10 Most Common Car Noises and Sounds

Is your car making a strange noise? This article will find sound clips that can help you identify wired car noises, loud noises, hissing, and even funny car noises.

Most Common Noises

The most common car noises are:

  1. Clunking
  2. Grinding
  3. Hissing
  4. Knocking
  5. Banging
  6. Rattling
  7. Roaring
  8. Tapping
  9. Clicking
  10. Squealing

Let’s look at what causes these noises and listen to sound clips.

Noise when turning the steering wheel

Cause: Low Power Steering Fluid Level

Sound: Whine, Growling

When you hear it:  As you turn the steering wheel, the engine is running, parked, or driving.

Solution: Add Power Steering Fluid, Fix Leaks

A vehicle can make a few noises while turning. The most common noise is growling, which is often due to low power steering fluid. This noise is caused because the power steering system may have developed a leak. You will hear this sound when parked and turning the steering wheel (engine running).

The noise can be heard when driving and making a turn. Noise varies as you change the engine RPMs too. Check all hoses for possible leaks. The power steering pump does not have enough power steering fluid, thus making the growling noise. Top off your power steering reservoir with power steering fluid.

Don’t continue to drive the car with low power steering fluid, or you will permanently damage the power steering pump. Keep the power steering system topped off if you are on a tight budget and can’t fix the leak. Ideally, you shouldn’t have to add power steering fluid even once a year. You leak if you add PS fluid once a month or more often. Keep the PS fluid level at the recommended range until the leak is fixed.

Noise at startup

Cause: Worn serpentine belt

Sound: Squeak

When you hear it: At startup, it often goes away when the car warms up.

Solution: Replace Serpentine Belt; if the noise remains, replace Belt Tensioner

One of the most common noises is a squealing noise from a worn drive belt. When the drive belt starts to deteriorate, it loses its ability to function properly. Inspect the drive belt for glazed, peeling, oiled, split, and so on.

To test the drive belt; spray water on the drive belt while the engine is running; be mindful not to let water splash on you. If the noise goes away, the drive belt is worn.

With the engine off, inspect the drive belt for cracks.

Click click when making a turn.

Cause: Bad CV Joint

Sound: Click, Click, Click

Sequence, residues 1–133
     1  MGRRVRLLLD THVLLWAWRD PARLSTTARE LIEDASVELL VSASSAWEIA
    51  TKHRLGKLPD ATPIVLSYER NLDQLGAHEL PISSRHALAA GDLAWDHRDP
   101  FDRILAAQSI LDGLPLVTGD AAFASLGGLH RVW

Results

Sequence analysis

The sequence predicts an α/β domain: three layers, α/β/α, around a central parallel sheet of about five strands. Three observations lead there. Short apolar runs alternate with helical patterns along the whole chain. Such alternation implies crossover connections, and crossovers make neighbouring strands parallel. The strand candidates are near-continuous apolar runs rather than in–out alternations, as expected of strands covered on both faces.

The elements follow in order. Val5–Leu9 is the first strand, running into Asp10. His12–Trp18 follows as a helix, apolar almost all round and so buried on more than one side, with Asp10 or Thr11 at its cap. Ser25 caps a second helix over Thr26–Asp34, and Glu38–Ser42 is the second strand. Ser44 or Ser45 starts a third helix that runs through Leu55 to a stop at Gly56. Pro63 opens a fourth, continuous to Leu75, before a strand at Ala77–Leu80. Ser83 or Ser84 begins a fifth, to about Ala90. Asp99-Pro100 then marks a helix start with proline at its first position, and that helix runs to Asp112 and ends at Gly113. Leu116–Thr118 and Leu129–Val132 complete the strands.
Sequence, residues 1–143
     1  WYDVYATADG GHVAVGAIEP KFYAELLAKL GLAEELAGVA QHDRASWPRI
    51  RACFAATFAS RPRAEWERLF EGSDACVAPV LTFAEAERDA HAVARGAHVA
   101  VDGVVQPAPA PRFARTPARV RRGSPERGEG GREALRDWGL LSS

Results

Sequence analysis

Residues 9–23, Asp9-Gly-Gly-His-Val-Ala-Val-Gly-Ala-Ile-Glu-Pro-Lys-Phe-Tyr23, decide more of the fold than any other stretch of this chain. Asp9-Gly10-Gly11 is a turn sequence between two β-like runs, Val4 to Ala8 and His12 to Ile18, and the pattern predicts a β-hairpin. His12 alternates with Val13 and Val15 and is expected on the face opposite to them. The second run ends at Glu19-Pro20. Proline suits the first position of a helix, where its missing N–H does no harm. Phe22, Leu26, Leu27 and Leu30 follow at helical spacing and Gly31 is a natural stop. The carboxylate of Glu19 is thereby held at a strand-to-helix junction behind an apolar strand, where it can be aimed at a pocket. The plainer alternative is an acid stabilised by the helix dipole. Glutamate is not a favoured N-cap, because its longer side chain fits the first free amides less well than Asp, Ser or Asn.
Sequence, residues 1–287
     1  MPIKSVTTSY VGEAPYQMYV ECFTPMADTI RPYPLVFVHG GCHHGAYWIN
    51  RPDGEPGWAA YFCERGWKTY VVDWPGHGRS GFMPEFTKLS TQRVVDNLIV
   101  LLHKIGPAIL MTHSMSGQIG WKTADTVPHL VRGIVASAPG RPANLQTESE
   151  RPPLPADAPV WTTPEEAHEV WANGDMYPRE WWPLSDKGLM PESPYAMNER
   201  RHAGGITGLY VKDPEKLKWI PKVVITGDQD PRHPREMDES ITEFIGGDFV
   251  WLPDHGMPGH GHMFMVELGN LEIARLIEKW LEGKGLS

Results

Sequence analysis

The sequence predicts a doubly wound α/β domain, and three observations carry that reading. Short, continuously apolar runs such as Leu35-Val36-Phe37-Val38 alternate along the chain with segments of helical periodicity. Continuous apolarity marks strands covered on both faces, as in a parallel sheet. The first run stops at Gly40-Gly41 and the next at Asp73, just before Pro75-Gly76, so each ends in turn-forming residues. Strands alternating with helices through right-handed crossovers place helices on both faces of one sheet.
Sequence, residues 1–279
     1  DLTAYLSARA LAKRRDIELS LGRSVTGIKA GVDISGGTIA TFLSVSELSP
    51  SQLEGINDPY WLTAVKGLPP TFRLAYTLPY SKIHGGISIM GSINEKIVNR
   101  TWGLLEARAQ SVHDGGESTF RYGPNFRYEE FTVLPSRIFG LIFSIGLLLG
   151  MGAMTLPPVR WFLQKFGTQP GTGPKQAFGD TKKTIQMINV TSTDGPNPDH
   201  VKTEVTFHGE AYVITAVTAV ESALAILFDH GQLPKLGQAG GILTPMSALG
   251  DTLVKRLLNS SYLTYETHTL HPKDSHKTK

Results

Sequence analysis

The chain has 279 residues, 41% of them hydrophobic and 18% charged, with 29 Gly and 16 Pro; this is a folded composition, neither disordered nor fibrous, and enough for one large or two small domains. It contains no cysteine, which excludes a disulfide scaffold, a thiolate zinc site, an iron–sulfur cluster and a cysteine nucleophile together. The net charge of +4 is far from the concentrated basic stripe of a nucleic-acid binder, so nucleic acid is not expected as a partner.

When you hear it: While driving, making a turn, or accelerating.

Solution: Replace CV Joint

The second most common noise is a bad axle. When you make a turn, you may hear a clicking noise when turning. For example: if you turn your wheel to the right, the right axle is bad and vice versa. Inspect the axle for torn and deteriorated axle boots.

The third most common noise comes from a loose tie rod end. Inspect the tie rod and ensure it is not loose; this is very dangerous as you can lose control while driving.

Noise when you drive over bumps

Cause: Sway Bar Links or Bushings

Noise: Banging, Rubbing, Clunk, Squeak

When you hear it: Going over bumps, hitting potholes.

Solution: Replace Links and Bushings

If you hear a squeaky or banking noise when you go over bumps or potholes, the chances are that the sway bar link or bushings are bad. As you drive the car, the suspension may also feel very loose.

They are easy to replace and can be changed in your driveway. It is recommended to replace both the sway bar links and bushings simultaneously. When replacing the sway bar bushings, it is not required to perform front wheel alignment.

Other possibilities:

  • Worn strut or shocks
  • Worn ball joints
  • Worn control arm bushing
  • Worn strut tower

Noise from under the dashboard

Cause: Brake Booster

Sound: Hiss, Air Leak

When you hear it: When pressing or depressing the brake pedal. When turning off the engine.

Solution: Try Brake Booster Repair Kit

Sometimes you may hear a noise from under the dashboard. Various items can cause noises from the dashboard.

  • Brake Booster Boot
    • If you hear a hissing noise when the car is running, there is a good chance the brake booster boot or seal is cracked. You will normally hear the noise only when the engine is running and you press or depress the brake pedal. You also hear the noise for a couple of seconds when the car is turned off.
  • Stepper Motor
    • Some vehicles have motors and flaps or butterfly-type valves that divert the airflow to your face, windshield, or feet. The motors can fail, or the flaps can get stuck, causing a clicking noise when you turn on the A/C or start the car.
  • Blower Fan
    • The blower fan is mounted under the dashboard and can fail to cause a squeaky noise. You should only hear this noise if you turn the A/C or heat on. Sometimes you need to set the fan speed to high or maximum to hear the noise.

Click, Click, and Click Noise | Car won’t start

Cause: Dead Battery

Sound: One or more clicks